While you're frying up some eggs and bacon, we're cooking up something else: a way to celebrate today's food holiday.
Ooooh, that's the good stuff! March 20 is National Ravioli Day.
When I first started covering food holidays I thought, “Wouldn’t it be cool if I tried to make the food of the day, every day?” That notion lasted all of a minute. Tt was simply too time consuming, so, I chose my battles wisely. Today has got to be one of my favorite days, I’m a ravioli addict.
Ravioli is any filled pasta shape that’s sealed. Different sizes and sealing techniques have different names. Whether it says agnolotti, tortellini (the smaller version of a tortelloni) or sachetti on a menu, they’re all the same thing – a type of ravioli.
Have extra roasted butternut squash from dinner? Combine it with some goat cheese, sage and bacon bits and you’ve got a restaurant-quality meal made from scratch. Ravioli is also a great way to use up extra bits of produce filling up your fridge.
That onion half, end bit of zucchini and too-small-for-a-dinner-side portion of frozen peas makes a great primavera ravioli. Add some Parmesan cheese to the caramelized vegetables (add the peas in last though) and voila: spring dining at its finest.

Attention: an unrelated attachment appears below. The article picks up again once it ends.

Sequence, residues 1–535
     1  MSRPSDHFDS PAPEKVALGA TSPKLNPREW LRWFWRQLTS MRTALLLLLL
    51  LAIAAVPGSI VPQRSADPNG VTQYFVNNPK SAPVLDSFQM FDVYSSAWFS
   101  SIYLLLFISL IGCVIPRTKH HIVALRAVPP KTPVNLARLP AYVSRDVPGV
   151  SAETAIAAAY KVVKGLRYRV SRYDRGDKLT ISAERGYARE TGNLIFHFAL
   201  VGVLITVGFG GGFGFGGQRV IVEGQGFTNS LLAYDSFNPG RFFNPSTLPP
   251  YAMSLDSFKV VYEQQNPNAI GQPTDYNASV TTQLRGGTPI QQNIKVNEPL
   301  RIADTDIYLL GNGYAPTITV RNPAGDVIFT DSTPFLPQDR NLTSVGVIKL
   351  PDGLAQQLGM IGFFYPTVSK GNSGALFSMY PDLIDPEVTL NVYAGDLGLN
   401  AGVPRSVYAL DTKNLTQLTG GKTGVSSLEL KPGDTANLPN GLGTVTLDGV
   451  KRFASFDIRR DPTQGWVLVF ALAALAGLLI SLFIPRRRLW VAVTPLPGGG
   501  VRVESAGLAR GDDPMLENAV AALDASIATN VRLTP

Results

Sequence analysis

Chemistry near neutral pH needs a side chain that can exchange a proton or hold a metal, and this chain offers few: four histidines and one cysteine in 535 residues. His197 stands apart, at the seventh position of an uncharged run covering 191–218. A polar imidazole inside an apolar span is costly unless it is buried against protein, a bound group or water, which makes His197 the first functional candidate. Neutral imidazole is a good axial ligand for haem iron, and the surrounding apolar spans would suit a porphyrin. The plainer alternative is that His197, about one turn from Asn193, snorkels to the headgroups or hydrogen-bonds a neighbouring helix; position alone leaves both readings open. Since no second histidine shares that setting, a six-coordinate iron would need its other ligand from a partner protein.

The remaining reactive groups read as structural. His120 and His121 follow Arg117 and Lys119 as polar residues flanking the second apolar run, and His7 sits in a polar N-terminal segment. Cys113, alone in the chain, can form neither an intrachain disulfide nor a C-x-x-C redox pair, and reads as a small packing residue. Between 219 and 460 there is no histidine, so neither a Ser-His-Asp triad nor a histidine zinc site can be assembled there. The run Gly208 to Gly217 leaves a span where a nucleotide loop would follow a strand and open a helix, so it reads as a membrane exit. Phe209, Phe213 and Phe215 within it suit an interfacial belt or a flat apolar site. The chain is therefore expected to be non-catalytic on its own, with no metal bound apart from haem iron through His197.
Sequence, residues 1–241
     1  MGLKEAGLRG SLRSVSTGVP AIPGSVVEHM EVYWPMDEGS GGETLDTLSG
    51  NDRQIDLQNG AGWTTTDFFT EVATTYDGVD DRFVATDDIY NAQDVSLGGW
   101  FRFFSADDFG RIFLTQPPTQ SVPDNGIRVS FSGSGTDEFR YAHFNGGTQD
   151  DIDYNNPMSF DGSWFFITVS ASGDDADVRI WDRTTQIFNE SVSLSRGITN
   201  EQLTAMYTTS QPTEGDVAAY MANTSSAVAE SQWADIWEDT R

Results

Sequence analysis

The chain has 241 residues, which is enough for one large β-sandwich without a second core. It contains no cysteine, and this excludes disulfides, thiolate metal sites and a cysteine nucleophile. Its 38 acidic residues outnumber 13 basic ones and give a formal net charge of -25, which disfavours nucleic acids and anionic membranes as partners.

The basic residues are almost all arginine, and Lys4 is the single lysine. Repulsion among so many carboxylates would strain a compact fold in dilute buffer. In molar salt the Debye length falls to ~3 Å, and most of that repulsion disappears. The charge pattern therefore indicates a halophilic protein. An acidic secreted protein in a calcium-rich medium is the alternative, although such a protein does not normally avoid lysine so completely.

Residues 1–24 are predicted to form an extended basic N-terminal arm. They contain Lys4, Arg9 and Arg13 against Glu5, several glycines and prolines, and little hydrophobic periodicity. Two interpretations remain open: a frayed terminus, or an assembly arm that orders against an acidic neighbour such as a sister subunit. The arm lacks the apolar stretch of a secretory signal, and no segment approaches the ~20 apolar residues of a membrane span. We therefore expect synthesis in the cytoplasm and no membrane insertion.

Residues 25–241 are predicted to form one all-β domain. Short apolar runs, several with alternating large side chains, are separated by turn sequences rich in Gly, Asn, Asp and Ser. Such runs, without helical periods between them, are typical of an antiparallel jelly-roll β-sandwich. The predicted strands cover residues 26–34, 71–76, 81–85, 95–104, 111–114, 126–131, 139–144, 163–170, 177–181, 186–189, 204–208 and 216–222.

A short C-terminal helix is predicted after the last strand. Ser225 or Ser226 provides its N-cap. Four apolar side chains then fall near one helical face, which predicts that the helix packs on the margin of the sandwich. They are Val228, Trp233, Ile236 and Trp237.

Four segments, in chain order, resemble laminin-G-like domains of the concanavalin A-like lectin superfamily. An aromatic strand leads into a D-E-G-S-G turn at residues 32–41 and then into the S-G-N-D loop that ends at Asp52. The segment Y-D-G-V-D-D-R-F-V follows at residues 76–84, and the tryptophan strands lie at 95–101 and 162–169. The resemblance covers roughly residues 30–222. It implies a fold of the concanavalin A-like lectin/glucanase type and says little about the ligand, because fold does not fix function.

As for the pasta, I like an eggy dough. If you’re rolling it out by hand, make sure to let it rest of at least an hour before you start. If not, a simple rolling pin and a well-floured surface are all you need. Ravioli dough can be quite thin because eventually there’ll be two layers. Don’t worry if you can’t get it super skinny – home made pasta tastes so good no one will notice. At least I don’t.
One of my all-time favorite ravioli recipes has to be braised short rib ravioli. It takes some time, but with a slow cooker or some patience, it’s well worth it.
I use Anne Burrell’s braised short rib recipe for this, only I cook mine at 350° not 375° for four hours not three.
Once the short ribs are falling apart, I remove them from the pot and save all the veggies and sauce that are left over. I add a little more tomato paste and red wine, plus a rind of Parmesan cheese and let it bubble away while I make the ravioli.
The pulled-apart meat is so tender it’s easy to portion it out into raviolo. I serve it with the reduced sauce and a little more Parmesan or asiago cheese. It’s a crowd pleaser in the winter, but the same principle can be applied to braised chicken or leftover coq au vin for the spring and summer time.
Next time you’re looking for something elegant to make for dinner, consider the humble raviolo – a peasant dish that’s anything but.
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